Once considered as a luxury due to its fine ingredients, yellow coq au vin is one of the area's most famous culinary specialities, and is a staple on the menu of many of the region's fine dining establishments.
The recipe features cockerel, yellow local wine, cream and morel mushrooms. Traditionally served with white rice and a glass of the local yellow wine, it's a fine dining experience that reflects the signature colour of the Tour de France, and with the champion elect already the cock of the walk, to borrow an old American phrase, it feels quite fitting to raise a glass of matching wine to Jonas.
Is it relevant to tomorrow's stage? Well, no, not really, however we could perhaps look upon the dish as a hearty main course to reflect the sizeable breakaway that I predict will get away tomorrow, and the riders most suited for the stage will be the stronger rouleurs, the likes of Matej Mohoric, Nils Politt or Dylan van Baarle, so look out for guys who look like they've had a good meal in preparation for the day, as they will need their energy for what lays ahead.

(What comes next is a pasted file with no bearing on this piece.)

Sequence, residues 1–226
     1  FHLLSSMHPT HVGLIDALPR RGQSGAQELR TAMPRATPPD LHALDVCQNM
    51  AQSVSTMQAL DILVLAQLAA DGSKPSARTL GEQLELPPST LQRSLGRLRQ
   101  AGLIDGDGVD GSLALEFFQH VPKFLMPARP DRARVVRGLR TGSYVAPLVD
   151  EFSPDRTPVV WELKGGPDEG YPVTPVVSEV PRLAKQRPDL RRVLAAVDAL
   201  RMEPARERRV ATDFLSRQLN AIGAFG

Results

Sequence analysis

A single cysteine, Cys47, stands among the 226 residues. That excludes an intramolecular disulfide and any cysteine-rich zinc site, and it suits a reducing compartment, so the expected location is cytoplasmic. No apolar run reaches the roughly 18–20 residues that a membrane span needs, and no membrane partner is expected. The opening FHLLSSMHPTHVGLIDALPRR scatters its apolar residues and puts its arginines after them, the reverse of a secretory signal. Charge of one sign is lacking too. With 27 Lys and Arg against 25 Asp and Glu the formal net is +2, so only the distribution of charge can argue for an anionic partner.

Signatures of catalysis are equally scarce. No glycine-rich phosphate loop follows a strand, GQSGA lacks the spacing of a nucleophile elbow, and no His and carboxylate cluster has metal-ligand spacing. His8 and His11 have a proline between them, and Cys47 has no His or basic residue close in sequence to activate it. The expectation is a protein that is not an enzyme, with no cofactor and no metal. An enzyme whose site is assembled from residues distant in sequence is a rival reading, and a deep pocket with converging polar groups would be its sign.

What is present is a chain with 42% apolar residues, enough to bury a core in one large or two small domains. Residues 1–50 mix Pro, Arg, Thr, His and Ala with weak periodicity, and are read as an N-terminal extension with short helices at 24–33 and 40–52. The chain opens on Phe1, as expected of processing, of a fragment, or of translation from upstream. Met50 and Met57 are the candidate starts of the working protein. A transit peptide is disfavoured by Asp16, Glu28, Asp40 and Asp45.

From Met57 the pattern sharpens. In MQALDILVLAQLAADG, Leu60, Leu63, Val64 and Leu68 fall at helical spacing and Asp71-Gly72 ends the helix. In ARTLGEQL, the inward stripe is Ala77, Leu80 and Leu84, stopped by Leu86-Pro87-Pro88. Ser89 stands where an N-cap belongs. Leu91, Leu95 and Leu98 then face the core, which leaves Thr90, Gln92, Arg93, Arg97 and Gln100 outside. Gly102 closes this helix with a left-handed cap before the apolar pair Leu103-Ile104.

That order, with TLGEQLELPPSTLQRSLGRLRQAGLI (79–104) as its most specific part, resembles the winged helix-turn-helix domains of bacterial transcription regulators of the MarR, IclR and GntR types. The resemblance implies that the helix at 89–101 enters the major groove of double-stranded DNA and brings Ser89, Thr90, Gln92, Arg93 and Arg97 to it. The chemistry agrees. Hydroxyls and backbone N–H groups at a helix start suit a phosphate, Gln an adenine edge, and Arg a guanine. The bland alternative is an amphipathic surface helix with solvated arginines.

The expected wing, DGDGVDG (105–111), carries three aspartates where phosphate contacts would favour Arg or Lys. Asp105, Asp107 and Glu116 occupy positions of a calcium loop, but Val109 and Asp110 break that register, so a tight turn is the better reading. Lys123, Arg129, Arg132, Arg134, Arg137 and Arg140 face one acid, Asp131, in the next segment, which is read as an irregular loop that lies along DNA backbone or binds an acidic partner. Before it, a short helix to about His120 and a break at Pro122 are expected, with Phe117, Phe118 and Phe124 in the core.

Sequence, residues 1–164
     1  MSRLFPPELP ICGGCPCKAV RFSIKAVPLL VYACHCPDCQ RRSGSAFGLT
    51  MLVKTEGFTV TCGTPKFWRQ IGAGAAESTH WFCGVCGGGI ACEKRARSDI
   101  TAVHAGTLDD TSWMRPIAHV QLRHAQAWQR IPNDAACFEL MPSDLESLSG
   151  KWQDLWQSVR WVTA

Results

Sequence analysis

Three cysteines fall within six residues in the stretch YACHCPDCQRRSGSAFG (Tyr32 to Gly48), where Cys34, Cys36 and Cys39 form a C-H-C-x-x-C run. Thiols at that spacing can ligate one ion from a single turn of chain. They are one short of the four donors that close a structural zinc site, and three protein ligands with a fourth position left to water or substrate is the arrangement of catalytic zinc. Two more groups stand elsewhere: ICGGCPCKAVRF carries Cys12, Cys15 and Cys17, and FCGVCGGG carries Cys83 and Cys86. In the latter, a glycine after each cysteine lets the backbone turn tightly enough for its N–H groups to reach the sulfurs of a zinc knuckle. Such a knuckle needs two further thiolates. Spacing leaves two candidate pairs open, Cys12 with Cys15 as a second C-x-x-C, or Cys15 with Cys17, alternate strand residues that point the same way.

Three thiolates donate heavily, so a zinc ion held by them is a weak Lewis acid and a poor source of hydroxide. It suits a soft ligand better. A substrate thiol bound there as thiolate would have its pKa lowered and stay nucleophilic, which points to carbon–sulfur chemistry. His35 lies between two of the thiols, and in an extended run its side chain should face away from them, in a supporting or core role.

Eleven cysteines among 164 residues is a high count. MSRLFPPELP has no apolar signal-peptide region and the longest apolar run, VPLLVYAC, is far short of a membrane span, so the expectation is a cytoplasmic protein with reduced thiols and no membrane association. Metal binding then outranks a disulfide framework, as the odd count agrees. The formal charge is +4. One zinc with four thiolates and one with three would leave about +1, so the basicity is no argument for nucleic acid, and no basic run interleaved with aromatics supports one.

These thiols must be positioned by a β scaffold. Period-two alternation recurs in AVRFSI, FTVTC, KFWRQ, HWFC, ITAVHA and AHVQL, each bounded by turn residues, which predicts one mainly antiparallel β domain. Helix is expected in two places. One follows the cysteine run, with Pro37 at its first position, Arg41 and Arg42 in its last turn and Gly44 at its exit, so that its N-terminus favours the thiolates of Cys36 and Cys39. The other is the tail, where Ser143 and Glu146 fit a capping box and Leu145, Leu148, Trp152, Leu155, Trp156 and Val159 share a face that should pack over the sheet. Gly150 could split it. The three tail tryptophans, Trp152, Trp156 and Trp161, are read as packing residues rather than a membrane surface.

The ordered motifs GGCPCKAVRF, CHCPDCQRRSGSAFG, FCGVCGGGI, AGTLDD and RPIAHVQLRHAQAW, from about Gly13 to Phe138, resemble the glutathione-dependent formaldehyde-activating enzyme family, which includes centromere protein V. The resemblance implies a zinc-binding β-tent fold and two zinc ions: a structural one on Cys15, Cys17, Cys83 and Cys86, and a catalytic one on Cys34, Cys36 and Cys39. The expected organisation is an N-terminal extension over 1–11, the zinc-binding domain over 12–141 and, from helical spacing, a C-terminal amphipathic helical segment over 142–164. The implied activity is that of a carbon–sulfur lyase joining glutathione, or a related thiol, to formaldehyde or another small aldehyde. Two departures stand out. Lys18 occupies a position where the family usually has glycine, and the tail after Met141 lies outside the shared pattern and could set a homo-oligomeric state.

APRÈS L'EFFORT, LE RÉCONFORT
def: after the effort, the comfort
Taking a sideways look back at the day's action, to reflect, reconcile and remember.
Speedy Stage Takeaway
The best laid plans...
Keeping the break within spitting distance to absolutely GUARANTEE a sprint finish might have seemed like a good idea in theory, at the beginning of the day.
With just three men allowed to escape the sprinters teams battened down the hatches and shut up shop for the day, allowing the seemingly doomed trio to dangle helplessly ahead just one minute or so ALL DAY.